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How can I write a Python function that given an array A of numbers returns an array B that has the elements of A in reverse order? WITHOUT using the reverse function in python, and instead use a for loop?

This is what I have so far and then I call the function main() in the shell and it gives me some errors and one of them is 'B' is not defined.

def ReverseArray(A):
    n = len(A)
    for i in range(0, n-1):
        B[n-i-1] = A[i]
    return (B)

def main():
    A = [13, 21, 15, 38, 49]  # Test case for ReverseArray function
    B = ReverseArray(A)
    print(B)

Where did I go wrong?

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'some errors'... –  zch Mar 19 '13 at 23:21
    
This is what it gave me Traceback (most recent call last): File "<pyshell#9>", line 1, in <module> main() File "C:\.....", line 12, in main B = ReverseArray(A) File "C:\.....", line 7, in ReverseArray B[n-i-1] = A[i] NameError: global name 'B' is not defined –  cah Mar 19 '13 at 23:23

2 Answers 2

up vote 1 down vote accepted

Your first problem, as you say, is that you haven't defined B.

The obvious answer is to define B. What's the starting value when you're accumulating a list? Presumably any empty list, right? So:

def ReverseArray(A):
    B = []
    n = len(A)
    for i in range(0, n-1):
        B[n-i-1] = A[i]
    return (B)

The next problem you'll run into is an IndexError from that B[n-i-1] = A[i]. That's because you're trying to modify B's items in-place, so it has to have n items to start with. In other words, you want something with as many items as A. How about a copy of A?

B = list(A)

Or, if you understand list comprehensions, this might be better:

B = [None for _ in A]

Finally, your algorithm is not actually correct. For example, given your A, n will be 5, so range(0, n-1) will be [0, 1, 2, 3]. This means you never set B[0] to anything.

You may not have realized that the Python range function returns a range that excludes the stop parameter. Just range(0, n) (or, more simply, range(n)) is what you want.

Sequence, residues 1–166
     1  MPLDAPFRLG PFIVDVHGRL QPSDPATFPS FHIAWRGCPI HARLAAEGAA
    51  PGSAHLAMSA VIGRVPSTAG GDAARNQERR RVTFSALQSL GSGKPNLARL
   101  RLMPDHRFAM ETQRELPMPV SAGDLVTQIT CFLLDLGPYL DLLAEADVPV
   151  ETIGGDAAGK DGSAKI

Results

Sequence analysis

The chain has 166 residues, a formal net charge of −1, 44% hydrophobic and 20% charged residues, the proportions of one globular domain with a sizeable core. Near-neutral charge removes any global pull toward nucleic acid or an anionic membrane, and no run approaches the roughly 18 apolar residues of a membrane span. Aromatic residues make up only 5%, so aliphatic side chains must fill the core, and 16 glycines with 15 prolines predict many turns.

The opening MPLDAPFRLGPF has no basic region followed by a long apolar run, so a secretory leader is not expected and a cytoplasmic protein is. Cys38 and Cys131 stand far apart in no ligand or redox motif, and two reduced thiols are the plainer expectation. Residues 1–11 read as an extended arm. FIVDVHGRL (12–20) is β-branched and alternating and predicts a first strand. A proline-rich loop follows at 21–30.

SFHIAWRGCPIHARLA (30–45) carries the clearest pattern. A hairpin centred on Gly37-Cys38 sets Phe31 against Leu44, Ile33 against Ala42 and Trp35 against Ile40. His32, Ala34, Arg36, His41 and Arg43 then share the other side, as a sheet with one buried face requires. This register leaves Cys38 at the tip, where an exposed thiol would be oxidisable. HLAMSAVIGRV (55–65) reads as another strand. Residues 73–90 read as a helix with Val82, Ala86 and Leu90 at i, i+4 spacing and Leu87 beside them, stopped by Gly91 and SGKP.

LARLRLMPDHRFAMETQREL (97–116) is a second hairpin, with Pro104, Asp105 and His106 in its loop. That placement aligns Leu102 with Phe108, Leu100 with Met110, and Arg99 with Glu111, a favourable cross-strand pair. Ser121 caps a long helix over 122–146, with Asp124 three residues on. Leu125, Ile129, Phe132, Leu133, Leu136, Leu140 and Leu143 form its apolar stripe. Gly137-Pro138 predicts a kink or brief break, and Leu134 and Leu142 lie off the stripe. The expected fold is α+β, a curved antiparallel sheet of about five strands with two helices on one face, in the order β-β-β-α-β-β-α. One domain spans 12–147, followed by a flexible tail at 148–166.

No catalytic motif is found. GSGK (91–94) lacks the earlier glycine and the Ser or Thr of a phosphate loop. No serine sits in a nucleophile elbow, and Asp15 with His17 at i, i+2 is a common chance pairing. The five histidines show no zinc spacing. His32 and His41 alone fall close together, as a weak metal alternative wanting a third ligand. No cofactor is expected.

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1  
Did you read beyond the first code sample, to the part where it says "The next problem you'll run into"? Because it also tells you how to solve that problem. –  abarnert Mar 19 '13 at 23:28
    
yeah sorry I didn't see it, but now I got it thanks! –  cah Mar 19 '13 at 23:33

You can iterate over a list backwards like this, then add each element to the list B.

def ReverseArray(A):
    B = list()
    for i in xrange(len(A)-1,-1,-1):
        B.append(A[i])
    return B
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1  
On a side note, you can reverse a list with myList[::-1]. –  Kevin D Mar 19 '13 at 23:27
1  
I think this is a better solution than the OP's, and also something the prof would likely accept. But it really doesn't answer his question of "why doesn't my code work". (That being said, SO isn't really meant for "why doesn't my code work" questions, so that may not be a problem.) –  abarnert Mar 19 '13 at 23:33
    
I see that. His code doesn't work because he hasn't declared B in the function. And even if he instantiated it as an empty list, he's trying to access elements of B using B[n-i-1] which is impossible because nothing is in B :) –  Kevin D Mar 19 '13 at 23:36
    
Yeah, I explained how to fix his code in my answer. As I said, I think your answer is easier to read, and harder to get wrong, and doesn't seem to use anything he shouldn't have learned yet, so definitely +1. (I thought I'd already upvoted it, but I guess not. So, +1 now.) It's worth having both answers. –  abarnert Mar 19 '13 at 23:40

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